One statistic that makes me super sad? Hundreds of babies are born every month in refugee camps. Almost 100 alone in the biggest refugee camp in France. Babies born to families who were fleeing terror, are now being born into uncertain conditions.
I remember when I was super pregnant with both my babes - the last thing I wanted to do was travel, much less travel long distances through perilous conditions, not knowing where I'd be giving birth. NO THANKS. So for these women to leave everything, to take such a journey? Their lives must have been un-imaginable.
And so, as part of my holiday hat-making, I have been crocheting baby hats on repeat, using my leftover balls of wool. The pattern I've been using most often? The Basic Beanie, from Sweet Kiwi Crochet. (ravelry | etsy)
Two things to know about this pattern. One, it costs $5. That's a price that may turn away some crocheters, but I'm here to tell you it's worth EVERY PENNY. I use this hat all year long. It's got sizes from newborns through adults, directions for adding ear flaps or not, and tutorials for stripes, ties, and poms! Did I mention I've more than gotten my money's worth out of it?!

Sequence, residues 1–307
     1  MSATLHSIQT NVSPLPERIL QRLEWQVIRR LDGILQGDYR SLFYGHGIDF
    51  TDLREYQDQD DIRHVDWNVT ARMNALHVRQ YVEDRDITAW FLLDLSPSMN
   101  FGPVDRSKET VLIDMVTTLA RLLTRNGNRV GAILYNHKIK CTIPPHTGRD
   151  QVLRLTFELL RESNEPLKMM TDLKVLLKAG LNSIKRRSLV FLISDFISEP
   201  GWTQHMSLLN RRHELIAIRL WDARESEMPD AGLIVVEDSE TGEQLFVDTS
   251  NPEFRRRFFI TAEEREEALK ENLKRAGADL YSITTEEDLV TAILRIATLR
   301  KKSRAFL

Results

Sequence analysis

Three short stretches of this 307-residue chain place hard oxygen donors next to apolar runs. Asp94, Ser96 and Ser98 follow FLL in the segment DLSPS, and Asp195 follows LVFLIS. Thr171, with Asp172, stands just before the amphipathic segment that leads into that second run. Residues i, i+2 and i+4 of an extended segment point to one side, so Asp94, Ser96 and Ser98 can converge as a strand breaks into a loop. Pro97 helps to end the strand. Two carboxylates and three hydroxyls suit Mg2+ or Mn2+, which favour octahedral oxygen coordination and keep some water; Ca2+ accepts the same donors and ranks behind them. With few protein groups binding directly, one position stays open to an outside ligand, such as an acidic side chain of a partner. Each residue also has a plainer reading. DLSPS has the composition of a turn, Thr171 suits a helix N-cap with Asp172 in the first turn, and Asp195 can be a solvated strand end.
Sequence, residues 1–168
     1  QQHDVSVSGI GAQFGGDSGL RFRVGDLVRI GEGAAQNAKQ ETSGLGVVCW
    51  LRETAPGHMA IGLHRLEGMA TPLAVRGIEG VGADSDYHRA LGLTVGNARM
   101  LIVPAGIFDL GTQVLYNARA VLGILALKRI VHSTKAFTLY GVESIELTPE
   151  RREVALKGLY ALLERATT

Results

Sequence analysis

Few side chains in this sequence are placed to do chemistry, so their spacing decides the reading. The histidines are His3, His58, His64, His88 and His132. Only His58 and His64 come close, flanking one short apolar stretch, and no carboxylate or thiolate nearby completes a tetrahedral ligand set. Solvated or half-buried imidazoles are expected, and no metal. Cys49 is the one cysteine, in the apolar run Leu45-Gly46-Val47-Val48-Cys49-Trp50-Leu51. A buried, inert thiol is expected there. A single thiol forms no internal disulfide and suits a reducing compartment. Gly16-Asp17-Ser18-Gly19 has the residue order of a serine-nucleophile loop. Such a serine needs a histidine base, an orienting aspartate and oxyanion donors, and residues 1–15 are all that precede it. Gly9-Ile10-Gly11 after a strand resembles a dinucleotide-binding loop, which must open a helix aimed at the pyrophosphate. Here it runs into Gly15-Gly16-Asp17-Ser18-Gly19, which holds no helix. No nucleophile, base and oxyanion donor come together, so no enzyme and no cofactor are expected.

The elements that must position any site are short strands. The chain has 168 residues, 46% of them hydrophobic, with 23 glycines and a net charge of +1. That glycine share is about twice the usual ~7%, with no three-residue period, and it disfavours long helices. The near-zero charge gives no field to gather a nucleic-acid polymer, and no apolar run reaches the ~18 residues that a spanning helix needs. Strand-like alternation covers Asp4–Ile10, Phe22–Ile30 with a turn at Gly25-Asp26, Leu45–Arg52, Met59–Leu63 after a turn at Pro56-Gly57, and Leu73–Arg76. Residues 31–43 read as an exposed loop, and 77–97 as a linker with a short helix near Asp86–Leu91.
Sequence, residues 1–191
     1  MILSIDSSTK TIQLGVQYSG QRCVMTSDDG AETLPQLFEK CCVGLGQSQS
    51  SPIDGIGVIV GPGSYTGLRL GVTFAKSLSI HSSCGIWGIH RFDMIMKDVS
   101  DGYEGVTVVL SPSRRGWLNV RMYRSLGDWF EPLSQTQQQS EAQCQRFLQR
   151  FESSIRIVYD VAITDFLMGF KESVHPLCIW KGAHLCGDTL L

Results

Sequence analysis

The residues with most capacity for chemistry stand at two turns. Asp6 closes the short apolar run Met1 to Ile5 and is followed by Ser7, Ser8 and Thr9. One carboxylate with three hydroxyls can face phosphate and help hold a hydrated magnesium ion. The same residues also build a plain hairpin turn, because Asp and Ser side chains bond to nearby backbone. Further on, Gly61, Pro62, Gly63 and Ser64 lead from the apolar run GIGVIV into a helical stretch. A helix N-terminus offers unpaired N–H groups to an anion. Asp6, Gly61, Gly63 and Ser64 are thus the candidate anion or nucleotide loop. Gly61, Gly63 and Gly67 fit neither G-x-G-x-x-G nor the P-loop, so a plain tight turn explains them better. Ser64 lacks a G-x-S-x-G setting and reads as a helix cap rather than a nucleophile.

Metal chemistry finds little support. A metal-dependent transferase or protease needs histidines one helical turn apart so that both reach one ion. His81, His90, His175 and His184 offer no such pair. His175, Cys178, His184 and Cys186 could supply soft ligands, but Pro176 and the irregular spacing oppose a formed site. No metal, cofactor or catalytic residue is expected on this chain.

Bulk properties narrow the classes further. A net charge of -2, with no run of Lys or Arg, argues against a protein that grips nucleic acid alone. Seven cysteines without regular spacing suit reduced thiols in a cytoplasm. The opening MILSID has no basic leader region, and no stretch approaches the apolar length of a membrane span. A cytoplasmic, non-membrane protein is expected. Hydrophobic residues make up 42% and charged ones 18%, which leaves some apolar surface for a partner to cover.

Second, I alter it a bit for true newborn hats. The smallest size in the pattern is for 0-6 months, so I do 9 instead of 10 for the first row, which gives me fewer increases and a more true newborn size. When made this way, the hat will fit for the first 6-8 weeks on the babes I know here in America, which makes them perfect for super tiny newborn heads all over the world.
These hats are tiny, for sure. They will not fit for an extended period of time, it's true. But the bigger sizes don't always work on true newborns, and babes need so much extra warmth those first precious few days and weeks. So while I also donate bigger hats, I love to toss as many super tiny newborn hats into every package I send off to refugees.
Where do I send these hats? To the Salaam Cultural Museum, an organization in Seattle that regularly sends medical aide to refugee camps. There's a huge group of knitters and crocheters on Ravelry who send items to them regularly, and I trust my fellow knitters with just about everything, so I send things their way as well!